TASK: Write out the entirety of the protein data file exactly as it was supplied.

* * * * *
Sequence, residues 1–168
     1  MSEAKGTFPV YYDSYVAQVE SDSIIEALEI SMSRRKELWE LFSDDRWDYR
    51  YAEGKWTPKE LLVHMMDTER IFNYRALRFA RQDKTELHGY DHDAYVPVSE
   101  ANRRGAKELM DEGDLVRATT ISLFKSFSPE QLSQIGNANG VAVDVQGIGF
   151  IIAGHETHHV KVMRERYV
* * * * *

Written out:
Sequence, residues 1–168
     1  MSEAKGTFPV YYDSYVAQVE SDSIIEALEI SMSRRKELWE LFSDDRWDYR
    51  YAEGKWTPKE LLVHMMDTER IFNYRALRFA RQDKTELHGY DHDAYVPVSE
   101  ANRRGAKELM DEGDLVRATT ISLFKSFSPE QLSQIGNANG VAVDVQGIGF
   151  IIAGHETHHV KVMRERYV